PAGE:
Sunday, August 09, 2009

Minnesota Suit Seeks To Slam Brakes On Foreclosures Until Feds Implement Better Procedures In Program Borrowers Claim Violates Due Process Rights

In Minneapolis, Minnesota, the Minneapolis Star Tribune reports:
  • Across the state and the nation, struggling homeowners [...] are growing frustrated with a $75 billion federal program that was supposed to ease the housing crisis by preventing so-called "avoidable foreclosures" by cutting borrowers' monthly mortgage payments. But, according to a U.S. Treasury report released Tuesday, only a very small percentage of people who qualify for relief under the program are actually getting it. In many cases, borrowers have been strung along for months, only to be told in the end that they don't qualify. And when borrowers are denied, they often are not told why.


  • Last week, the Foreclosure Relief Law Project, a nonprofit law firm in St. Paul, filed a lawsuit on behalf of [Brooklyn Park homeowner Nichole] Williams and Johnson Sendolo, a Woodbury homeowner, who both claim they qualify for federal relief but were turned down by lenders without being given a reason. The lawsuit, which seeks to stop the lenders from foreclosing on more homes until better procedures are put in place, accuses the U.S. Treasury of violating borrowers' due process rights by denying them access to a federal program without proper notice or explanation.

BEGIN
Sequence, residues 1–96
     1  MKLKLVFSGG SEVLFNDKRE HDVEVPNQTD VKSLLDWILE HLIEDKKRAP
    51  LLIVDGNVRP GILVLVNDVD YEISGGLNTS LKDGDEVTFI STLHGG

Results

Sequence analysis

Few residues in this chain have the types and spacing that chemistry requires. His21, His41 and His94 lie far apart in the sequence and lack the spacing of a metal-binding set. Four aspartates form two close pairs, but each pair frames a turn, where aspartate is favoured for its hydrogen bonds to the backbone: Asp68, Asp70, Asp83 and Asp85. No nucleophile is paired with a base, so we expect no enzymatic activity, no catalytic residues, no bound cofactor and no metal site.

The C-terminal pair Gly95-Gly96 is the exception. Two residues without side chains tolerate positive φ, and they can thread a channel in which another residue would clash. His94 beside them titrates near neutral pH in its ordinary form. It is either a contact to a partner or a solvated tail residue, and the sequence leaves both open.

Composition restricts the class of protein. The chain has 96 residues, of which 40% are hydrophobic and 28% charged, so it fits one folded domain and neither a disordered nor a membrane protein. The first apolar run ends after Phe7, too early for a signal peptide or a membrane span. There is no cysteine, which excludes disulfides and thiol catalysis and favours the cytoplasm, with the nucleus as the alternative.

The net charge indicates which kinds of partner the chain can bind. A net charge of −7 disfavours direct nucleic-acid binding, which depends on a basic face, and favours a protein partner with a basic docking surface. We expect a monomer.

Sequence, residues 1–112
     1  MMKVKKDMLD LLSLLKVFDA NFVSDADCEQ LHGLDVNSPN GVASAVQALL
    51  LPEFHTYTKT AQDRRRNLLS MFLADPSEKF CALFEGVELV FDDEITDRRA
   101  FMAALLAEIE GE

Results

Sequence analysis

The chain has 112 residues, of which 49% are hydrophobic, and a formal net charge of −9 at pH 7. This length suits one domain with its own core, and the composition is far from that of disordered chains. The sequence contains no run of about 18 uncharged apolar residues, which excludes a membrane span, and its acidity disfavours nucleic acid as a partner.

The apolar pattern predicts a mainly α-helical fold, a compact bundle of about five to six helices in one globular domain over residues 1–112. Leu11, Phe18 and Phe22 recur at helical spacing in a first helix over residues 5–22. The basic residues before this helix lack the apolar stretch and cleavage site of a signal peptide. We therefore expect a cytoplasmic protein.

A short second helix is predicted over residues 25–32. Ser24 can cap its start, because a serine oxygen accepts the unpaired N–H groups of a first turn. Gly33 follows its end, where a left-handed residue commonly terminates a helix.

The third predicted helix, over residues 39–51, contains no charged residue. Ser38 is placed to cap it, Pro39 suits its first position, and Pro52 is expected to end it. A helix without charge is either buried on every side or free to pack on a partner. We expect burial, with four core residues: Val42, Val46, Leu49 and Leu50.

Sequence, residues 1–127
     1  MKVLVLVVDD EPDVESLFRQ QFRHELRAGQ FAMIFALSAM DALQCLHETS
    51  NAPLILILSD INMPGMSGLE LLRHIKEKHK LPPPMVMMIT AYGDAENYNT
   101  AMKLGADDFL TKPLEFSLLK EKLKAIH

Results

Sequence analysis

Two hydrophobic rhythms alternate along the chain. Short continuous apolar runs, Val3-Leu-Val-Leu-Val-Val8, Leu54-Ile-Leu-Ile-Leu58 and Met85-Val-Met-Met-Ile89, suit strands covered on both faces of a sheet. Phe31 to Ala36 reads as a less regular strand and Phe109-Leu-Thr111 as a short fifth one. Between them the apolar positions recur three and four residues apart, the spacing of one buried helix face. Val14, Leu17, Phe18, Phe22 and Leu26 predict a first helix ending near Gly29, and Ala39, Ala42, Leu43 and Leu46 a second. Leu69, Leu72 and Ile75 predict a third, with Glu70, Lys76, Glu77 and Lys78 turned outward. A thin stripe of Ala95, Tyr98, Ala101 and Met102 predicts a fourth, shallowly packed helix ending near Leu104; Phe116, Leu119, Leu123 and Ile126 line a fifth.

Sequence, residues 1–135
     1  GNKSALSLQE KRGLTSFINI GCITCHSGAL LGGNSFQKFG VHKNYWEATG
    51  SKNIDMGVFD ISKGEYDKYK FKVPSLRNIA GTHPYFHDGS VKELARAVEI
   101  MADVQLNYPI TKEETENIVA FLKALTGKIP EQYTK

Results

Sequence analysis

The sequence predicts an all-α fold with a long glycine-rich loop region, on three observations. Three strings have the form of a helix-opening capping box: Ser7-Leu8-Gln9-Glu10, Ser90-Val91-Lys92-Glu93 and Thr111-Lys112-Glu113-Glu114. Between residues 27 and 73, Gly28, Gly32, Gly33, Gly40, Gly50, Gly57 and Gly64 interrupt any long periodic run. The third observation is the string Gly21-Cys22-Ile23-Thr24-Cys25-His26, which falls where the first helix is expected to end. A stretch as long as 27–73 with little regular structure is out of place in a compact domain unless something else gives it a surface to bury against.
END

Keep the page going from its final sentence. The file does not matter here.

• "The smart thing to do for everyone is to press the pause button, to stop the foreclosure factory, and figure out what's wrong," said Mark Ireland, supervising attorney for the Foreclosure Relief Law Project.

For the story, see Federal mortgage program defaulting on a pledge? (A federal program that promised relief to millions of struggling homeowners has fallen far short of expectations).

See also, Homeowners File Lawsuit To Stop Foreclosures In Minnesota (Alleges Federal Modification Program Violates Constitutional Protections).

For the lawsuit, see Williams, et al. v. Geithner, et al.

For more information on this lawsuit or to read the filed documents, click here.